The American Society for Radiation Oncology (ASTRO) has launched a six-point patient protection plan aimed at improving safety and quality and reducing the chances of medical errors.
The initiative comes in the wake of two recent New York Times articles that highlighted a dangerous problem: As technology rapidly develops, safety procedures become outdated just as rapidly. Quality assurance programs may not be comprehensive enough, and they may not be adhered to on a consistent basis due to a lack of appropriately trained clinical staff, lack of enough staff, lack or lapses of oversight, or a badly run department.
ASTRO crafted the six-point plan after reviewing its patient safety and quality assurance projects at the January meeting of its board. The society pledged to:
- Work with the Conference of Radiation Control Program Directors (CRCPD) to create a database for the reporting of linear accelerator- and computed tomography-based medical errors
- Launch an enhanced practice accreditation program, and begin to develop additional accreditation modules that address advanced technologies such as intensity-modulated radiation therapy (IMRT), stereotactic body radiation therapy (SBRT), and brachytherapy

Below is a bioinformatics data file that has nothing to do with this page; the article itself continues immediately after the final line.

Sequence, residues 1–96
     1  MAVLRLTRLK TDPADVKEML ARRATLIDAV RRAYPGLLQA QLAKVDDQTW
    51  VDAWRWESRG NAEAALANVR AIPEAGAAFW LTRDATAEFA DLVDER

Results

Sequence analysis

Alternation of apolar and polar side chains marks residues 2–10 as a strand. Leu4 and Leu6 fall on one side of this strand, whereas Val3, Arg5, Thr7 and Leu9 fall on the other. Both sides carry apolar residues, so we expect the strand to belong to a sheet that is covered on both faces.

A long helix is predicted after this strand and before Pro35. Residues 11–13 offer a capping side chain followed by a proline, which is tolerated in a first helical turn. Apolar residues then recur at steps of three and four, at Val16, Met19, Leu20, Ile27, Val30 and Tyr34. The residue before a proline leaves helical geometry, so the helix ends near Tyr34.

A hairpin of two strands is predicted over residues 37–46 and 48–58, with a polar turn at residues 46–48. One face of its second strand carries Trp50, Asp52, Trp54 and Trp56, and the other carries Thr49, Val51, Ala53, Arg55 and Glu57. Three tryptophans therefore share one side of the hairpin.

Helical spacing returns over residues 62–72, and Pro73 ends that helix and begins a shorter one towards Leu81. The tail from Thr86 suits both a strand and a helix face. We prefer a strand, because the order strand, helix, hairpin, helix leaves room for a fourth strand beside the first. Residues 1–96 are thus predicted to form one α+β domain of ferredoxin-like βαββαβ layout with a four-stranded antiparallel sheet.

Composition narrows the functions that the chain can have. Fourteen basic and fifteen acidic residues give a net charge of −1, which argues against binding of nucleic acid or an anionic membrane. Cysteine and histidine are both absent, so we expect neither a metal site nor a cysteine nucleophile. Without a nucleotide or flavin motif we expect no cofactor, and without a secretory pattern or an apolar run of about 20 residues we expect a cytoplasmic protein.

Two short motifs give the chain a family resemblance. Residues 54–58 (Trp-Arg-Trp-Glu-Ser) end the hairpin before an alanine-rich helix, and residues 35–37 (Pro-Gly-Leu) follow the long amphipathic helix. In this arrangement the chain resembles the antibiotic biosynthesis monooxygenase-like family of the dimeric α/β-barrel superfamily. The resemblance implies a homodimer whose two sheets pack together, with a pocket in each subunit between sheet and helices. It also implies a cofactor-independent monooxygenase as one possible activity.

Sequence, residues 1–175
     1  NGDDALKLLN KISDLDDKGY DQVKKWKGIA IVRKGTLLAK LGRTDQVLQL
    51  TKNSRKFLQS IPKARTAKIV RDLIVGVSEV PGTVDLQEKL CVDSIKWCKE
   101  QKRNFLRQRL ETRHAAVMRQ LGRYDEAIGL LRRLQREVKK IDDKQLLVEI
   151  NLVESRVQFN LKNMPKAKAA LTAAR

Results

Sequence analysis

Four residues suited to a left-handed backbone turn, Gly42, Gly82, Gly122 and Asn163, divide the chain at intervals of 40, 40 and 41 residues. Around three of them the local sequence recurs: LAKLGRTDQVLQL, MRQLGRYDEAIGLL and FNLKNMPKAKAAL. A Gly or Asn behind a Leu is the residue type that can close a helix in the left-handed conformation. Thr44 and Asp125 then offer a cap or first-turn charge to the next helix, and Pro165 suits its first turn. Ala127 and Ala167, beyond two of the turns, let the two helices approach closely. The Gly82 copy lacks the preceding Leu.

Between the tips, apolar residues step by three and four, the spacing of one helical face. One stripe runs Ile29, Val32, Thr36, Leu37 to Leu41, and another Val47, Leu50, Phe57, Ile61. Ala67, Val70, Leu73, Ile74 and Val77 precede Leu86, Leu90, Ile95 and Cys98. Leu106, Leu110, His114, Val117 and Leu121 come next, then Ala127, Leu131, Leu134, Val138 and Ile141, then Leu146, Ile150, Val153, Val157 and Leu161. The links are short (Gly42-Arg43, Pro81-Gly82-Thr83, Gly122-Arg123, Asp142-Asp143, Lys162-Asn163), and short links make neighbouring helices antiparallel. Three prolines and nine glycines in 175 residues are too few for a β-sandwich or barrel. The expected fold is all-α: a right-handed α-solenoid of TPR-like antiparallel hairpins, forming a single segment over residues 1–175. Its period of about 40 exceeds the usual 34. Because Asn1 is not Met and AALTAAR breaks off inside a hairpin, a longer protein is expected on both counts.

- Expand its educational training programs to include specific courses on quality assurance and safety
- Work with patient support organizations to develop tools for cancer patients and caregivers for use in their discussions with their radiation oncologist to help them understand the quality and safety programs at the centers where they are being treated
- Further develop its Integrating the Healthcare Enterprise Radiation Oncology (IHE-RO) connectivity compliance program so that medical technologies from different manufacturers can safely transfer information to reduce the chance of a medical error
- Provide its members' expertise to policymakers and lobby for new and expanded federal initiatives to help protect patients, including support for immediate passage of the Consistency, Accuracy, Responsibility and Excellence in Medical Imaging and Radiation Therapy (CARE) Act to require national standards for radiation therapy treatment team members
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